a rough way, and would agree even more if you had more accurate statistics.

Mr. GOLDSBOROUGH. Now, the primary purpose, as I understand it, is to demonstrate the soundness of the quantity theory of money upon which this proposed legislation that we are considering now and other like legislation is based?

Professor FISHER. Yes; in a measure, I think, Mr. Chairman, that we do not need to go quite as far as that.' In my book The Purchasing Power of the Dollar, I stressed the relation of quantity to price very much, but also admitted the existence of other factors, and I was rather surprised that I have been classified ever since so unreservedly as a quantity theorist. I think this classification is on the whole correct; but I admit that there are other things that have to be taken into consideration, and I think I have taken them into consideration; but as to those who do not like to admit that they are quantity theo rists, or who want to deny it, it is quite possible to get them to admit, and I think this would be true of all economists, that a contraction of the currency will at least tend to reduce prices.

Mr. GOLDSBOROUGH. Professor Fisher, do you mind saying why you think it is that people object to the quantity theory of money?

Professor FISHER. Yes; I think there are two reasons. One reason which used to be quite powerful was a rationalization of the opposition to Bryan in 1896. I myself was opposed to Bryan in that campaign, and I went out on the stump against him, because I did not think it was fair to go back as fas as 1873 to take his 16 to 1, but that never blinded me to the truth in the quantity theory, yet it did blind great many people. They said that Bryan had founded his theory on the quantity theory, and that Bryan was wrong and therefore the fact that Bryan may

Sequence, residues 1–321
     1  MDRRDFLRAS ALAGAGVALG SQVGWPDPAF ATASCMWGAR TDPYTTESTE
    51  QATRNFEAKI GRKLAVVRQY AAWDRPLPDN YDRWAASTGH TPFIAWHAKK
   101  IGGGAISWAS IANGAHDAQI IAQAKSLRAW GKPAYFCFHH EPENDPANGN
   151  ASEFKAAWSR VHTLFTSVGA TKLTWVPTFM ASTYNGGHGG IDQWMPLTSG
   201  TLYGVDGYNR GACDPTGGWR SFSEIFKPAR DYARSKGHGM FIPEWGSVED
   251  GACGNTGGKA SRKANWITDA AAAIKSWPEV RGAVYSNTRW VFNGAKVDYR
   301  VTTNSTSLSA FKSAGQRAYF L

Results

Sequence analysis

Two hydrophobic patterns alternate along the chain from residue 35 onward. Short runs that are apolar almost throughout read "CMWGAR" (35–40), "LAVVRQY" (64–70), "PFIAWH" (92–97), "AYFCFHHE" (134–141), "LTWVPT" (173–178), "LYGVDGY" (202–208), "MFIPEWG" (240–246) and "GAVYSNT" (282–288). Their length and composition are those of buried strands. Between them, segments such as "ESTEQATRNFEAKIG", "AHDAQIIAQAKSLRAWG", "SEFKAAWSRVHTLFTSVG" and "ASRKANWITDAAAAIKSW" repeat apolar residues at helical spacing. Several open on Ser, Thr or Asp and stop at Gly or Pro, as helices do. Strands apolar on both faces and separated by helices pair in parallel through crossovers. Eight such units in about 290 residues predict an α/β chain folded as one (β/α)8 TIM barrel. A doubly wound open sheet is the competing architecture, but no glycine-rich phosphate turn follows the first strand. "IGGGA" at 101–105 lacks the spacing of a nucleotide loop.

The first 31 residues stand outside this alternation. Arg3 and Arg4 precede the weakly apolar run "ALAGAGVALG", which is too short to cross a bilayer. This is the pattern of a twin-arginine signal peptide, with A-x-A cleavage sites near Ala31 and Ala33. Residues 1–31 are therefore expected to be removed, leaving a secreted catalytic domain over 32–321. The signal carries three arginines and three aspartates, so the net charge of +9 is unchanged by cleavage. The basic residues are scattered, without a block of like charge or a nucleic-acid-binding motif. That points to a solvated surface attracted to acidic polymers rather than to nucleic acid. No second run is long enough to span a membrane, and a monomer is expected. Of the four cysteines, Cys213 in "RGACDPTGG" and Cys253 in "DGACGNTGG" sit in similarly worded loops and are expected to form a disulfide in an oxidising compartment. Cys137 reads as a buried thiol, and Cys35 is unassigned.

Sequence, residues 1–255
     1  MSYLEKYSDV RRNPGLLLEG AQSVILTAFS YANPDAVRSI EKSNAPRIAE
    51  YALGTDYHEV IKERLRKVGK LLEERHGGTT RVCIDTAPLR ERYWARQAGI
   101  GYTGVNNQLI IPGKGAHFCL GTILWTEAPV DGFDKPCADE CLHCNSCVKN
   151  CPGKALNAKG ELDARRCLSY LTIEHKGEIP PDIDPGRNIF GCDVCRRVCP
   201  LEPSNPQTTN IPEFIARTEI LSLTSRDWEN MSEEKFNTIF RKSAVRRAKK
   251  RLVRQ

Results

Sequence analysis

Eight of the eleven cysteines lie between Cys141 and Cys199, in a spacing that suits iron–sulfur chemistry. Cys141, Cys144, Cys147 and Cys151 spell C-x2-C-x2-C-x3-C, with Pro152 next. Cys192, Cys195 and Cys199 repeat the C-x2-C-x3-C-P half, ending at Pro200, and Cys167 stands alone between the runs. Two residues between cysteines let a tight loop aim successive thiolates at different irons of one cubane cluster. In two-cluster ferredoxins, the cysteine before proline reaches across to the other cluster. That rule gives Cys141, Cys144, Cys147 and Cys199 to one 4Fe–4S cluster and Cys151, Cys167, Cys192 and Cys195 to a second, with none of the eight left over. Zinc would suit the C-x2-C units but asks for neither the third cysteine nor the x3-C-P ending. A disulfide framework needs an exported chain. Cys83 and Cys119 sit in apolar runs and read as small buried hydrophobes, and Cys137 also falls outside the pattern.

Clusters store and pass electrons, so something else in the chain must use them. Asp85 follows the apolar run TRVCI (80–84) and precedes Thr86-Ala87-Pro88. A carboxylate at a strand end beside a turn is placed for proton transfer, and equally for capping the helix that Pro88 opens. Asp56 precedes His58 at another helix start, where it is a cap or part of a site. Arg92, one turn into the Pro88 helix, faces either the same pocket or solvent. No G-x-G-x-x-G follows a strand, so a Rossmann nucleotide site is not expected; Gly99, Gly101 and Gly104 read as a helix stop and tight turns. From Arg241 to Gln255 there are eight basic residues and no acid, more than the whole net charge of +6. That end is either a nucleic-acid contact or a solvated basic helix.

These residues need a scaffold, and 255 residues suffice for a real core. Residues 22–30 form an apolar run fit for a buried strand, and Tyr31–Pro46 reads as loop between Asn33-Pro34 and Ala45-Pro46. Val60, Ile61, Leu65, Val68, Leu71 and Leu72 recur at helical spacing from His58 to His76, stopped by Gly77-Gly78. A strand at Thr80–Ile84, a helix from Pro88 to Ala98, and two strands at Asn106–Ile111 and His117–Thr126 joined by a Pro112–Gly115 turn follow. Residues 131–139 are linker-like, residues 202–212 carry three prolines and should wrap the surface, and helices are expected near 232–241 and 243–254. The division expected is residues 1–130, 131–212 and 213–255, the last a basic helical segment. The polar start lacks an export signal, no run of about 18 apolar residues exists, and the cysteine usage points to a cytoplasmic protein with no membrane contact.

have used the multiplication table does not make the multiplication table itself wrong. That prejudice lasted for some 20 years, until people had forgotten it, and recently, especially after the experience of the World War, we found very few responsible students of the subject, especially economists, who were not inclined to follow the quantity theory. Laughlin, who was the only one that I knew of.

Italred-five other than "price level”-that impinge upon the nice level. There is the quantity of money in circulation, there is se turnover or velocity, there is the quantity of deposits subject to neck and its turnover, and there is the volume of trade. Mr. GOLDSBOROUGH. All that is the quantity theory? Professor Fisher. I would rather say that the quantity theory is *2if you assume the velocities are constant and the volume of iode is constant, and that money and deposits keep in proportion to each other—then the quantity theory is true. It is purely a conktwonal proposition.

Mr. GOLDSBOROUGH. But if a dollar circulates three times today There it only circulated once yesterday, certainly that will cause a use in prices

, and that is a demonstration of the quantity theory Doner?

Professor Fisher. Yes, if you wish to enlarge the meaning, but 2 people misunderstand it, and they insist on pointing it out. saople write to me and say, virtually, "You fool, don't you see that pa bad quantity of many so-and-so to-day and so-and-so a year ago, od prices did not go up in that ratio?"

Of course, you have to take account of other factors, but, neverthew, I think that practically every economist will agree that there is a tendency to raise prices when you have an inflation of money,

and endency to decrease prices when you have a deflation of money. That is all the theory you need in order to get

behind the bill. You sa not need to commit yourselves to a "quantity theory.". I am not terse to being called å quantity theorist as long as people read my rok and know what I mean;